What You Really Pay for In College: Credentials, not Education | Doug French
 
Sep 2018
6,679
1,112
cleveland ohio
#4
In his outstanding book The Case Against Education: Why the Education System Is a Waste of Time and Money Professor Caplan rejects the idea that all education teaches useful job skills and those job skills pay off in the labor market. Instead, we learn our job skills on the job. A degree signals that students have the discipline to suffer through the boredom to conform to what society expects and what employers want.

You don’t use history or math on the job, unless you are a math or history teacher. “First and foremost: from kindergarten on, students spend thousands of hours studying subjects irrelevant to the modern labor market,” writes Caplan.

Caplan teaches economics at George Mason. He says he has a dream job. “I go to class and talk to students about my exotic interests: everything from the market for marriage, to the economics of the Mafia, to the self-interested voter hypothesis.”

He can train Ph.D. students to be economics instructors, but the rest? “I can’t teach what I don’t know.” Most of Caplan’s students will go on to have careers far away from economics.

Getting an A in European Literature doesn’t matter to an employer. What matters is degree holders’ “grasp of and submission to social expectations.” That degree from Wherever University shows you’re a team player, you’re deferential to superiors, you dress the part, you act the part, you’re not a racist or sexist, and your employer won’t “have to tell a modern model worker what’s socially acceptable case by case.”

Caplan gives it to the reader straight: “Hiring decisions, like all business decisions, are about prudence, not proof. People at the top of their class usually have the trifecta: intelligent, conscientious, and conformist.”

What You Really Pay for In College: Credentials, not Education | Doug French
Cherry picking, suppressing evidence, or the fallacy of incomplete evidence is the act of pointing to individual cases or data that seem to confirm a particular position while ignoring a significant portion of related cases or data that may contradict that position. It is a kind of fallacy of selective attention, the most common example of which is the confirmation bias.[1][2] Cherry picking may be committed intentionally or unintentionally. This fallacy is a major problem in public debate.[3]
The term is based on the perceived process of harvesting fruit, such as cherries. The picker would be expected to only select the ripest and healthiest fruits. An observer who only sees the selected fruit may thus wrongly conclude that most, or even all, of the tree's fruit is in a likewise good condition. This can also give a false impression of the quality of the fruit (since it is only a sample and is not a representative sample).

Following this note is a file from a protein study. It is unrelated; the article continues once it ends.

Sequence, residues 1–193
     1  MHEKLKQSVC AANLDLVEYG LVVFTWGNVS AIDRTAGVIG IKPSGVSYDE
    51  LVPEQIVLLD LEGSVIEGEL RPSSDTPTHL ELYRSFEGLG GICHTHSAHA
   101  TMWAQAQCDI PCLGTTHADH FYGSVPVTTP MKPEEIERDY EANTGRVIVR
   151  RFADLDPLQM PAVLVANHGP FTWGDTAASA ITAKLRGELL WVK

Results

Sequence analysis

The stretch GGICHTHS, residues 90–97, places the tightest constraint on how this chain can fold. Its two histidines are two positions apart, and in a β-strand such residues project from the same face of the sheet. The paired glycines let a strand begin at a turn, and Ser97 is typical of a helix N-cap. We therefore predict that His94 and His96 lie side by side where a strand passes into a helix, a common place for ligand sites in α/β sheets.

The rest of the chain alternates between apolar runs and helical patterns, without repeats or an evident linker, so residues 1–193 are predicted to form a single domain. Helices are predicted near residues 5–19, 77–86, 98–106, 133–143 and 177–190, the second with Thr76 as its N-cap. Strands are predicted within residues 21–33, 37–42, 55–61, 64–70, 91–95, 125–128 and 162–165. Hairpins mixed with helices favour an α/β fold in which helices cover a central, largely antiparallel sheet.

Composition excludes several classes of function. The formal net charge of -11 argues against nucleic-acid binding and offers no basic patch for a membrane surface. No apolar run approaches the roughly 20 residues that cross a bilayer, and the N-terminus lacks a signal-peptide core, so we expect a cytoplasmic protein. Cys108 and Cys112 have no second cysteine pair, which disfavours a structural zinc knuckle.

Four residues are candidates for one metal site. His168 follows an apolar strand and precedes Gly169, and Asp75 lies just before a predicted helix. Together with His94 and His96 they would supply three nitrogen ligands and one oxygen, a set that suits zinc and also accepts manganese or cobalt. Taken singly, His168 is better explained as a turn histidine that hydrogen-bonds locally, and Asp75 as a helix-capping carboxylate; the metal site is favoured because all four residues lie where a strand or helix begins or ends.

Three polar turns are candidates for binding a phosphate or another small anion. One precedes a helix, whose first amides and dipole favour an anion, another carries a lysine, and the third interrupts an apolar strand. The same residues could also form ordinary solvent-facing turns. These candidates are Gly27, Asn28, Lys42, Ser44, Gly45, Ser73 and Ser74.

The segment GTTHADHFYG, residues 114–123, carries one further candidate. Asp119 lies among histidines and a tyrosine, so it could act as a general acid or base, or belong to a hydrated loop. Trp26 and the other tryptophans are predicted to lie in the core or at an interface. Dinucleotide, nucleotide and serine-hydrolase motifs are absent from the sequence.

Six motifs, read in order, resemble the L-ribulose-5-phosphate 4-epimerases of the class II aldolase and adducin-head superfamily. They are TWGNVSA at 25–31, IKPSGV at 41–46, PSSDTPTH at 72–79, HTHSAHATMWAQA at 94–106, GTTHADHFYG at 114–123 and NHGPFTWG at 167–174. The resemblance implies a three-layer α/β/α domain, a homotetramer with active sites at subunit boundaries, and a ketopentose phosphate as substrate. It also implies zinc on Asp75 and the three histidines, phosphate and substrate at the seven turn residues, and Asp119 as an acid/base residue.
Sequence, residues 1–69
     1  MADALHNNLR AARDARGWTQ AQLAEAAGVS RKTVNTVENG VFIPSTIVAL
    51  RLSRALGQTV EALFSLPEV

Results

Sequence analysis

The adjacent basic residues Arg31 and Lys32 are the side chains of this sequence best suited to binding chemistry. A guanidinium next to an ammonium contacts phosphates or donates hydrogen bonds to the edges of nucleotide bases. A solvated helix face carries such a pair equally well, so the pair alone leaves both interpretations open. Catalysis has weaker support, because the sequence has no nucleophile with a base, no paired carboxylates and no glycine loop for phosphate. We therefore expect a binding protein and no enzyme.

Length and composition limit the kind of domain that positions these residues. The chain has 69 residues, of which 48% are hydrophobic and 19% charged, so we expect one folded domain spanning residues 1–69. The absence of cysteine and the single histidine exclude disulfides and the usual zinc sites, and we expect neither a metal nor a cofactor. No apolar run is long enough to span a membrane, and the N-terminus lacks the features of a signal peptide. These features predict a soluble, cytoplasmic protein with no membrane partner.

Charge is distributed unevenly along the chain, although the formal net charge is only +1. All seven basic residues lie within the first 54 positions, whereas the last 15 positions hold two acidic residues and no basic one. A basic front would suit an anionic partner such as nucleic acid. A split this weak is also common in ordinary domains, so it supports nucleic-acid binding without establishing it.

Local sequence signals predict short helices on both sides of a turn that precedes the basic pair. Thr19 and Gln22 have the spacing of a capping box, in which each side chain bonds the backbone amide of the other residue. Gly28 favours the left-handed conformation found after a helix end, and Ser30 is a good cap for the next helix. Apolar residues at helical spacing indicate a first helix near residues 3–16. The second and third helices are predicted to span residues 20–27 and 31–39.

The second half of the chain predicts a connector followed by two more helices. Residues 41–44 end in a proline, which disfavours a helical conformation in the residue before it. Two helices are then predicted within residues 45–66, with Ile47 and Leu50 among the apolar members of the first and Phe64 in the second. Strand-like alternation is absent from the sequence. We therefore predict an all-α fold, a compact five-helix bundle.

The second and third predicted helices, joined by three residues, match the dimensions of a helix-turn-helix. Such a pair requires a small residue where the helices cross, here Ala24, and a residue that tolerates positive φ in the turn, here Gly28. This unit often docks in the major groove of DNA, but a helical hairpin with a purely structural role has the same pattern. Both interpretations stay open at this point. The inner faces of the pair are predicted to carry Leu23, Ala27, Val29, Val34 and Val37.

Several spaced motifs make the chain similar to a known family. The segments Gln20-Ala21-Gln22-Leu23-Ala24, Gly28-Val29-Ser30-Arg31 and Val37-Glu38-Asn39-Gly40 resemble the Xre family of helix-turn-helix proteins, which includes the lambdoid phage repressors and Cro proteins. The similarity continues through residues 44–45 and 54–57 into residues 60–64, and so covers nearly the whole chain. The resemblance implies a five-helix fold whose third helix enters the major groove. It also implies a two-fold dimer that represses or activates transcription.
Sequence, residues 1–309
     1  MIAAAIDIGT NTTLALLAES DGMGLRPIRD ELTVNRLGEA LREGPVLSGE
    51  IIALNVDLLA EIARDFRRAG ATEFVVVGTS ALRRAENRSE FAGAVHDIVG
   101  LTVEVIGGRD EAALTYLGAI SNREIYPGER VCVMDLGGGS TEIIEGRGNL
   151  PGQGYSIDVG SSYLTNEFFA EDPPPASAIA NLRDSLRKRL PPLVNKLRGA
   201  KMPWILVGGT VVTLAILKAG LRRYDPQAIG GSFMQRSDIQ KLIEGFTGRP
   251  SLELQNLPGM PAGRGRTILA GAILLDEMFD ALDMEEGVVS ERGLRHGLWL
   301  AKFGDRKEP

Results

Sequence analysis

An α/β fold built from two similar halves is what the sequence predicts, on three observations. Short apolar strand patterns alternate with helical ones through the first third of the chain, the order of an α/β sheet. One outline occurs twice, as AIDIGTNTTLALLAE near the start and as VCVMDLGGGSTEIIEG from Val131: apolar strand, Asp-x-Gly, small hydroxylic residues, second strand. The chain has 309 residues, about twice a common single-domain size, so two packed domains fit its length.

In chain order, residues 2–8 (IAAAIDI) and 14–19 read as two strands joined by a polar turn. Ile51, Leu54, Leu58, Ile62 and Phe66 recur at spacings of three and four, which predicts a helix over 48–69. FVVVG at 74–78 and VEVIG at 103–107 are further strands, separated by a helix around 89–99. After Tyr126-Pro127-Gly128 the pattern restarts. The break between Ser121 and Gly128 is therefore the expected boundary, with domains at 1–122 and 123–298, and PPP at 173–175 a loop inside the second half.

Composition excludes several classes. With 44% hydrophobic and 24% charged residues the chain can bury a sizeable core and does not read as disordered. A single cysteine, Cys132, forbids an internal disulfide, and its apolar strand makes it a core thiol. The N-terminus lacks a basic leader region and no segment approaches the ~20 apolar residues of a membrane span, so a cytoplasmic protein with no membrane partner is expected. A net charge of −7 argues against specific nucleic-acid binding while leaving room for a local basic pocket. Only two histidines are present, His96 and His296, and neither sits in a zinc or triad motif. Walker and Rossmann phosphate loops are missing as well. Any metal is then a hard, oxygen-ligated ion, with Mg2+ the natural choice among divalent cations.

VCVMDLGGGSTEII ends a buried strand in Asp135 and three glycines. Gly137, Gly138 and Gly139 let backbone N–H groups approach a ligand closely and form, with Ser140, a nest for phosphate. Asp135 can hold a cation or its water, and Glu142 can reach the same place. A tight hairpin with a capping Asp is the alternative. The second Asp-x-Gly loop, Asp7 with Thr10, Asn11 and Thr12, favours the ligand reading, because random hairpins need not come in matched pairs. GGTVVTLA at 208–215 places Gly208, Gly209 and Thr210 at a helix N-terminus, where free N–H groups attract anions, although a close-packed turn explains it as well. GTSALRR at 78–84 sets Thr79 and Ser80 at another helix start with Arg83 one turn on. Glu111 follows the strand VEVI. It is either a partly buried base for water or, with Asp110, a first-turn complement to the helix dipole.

Cherry picking has a negative connotation as the practice neglects, overlooks or directly suppresses evidence that could lead to a complete picture.
A concept sometimes confused with cherry picking is the idea of gathering only the fruit that is easy to harvest, while ignoring other fruit that is higher up on the tree and thus more difficult to obtain (see low-hanging fruit).
Cherry picking can be found in many logical fallacies. For example, the "fallacy of anecdotal evidence" tends to overlook large amounts of data in favor of that known personally, "selective use of evidence" rejects material unfavorable to an argument, while a false dichotomy picks only two options when more are available. Cherry picking can refer to the selection of data or data sets so a study or survey will give desired, predictable results which may be misleading or even completely contrary to reality.[4]
 
Sep 2018
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cleveland ohio
#5

Cherry-picking is often used in science denial such as climate change denial. For example with deliberately cherry picking appropriate time periods, here 1998-2012, an artificial "pause" can be created, even when there is an ongoing warming trend.[5]
Cherry picking is one of the epistemological characteristics of denialism and widely used by different science denialists to seemingly contradict scientific findings. For example, it is used in climate change denial, denial of the negative health effects Cherry picking - Wikipedia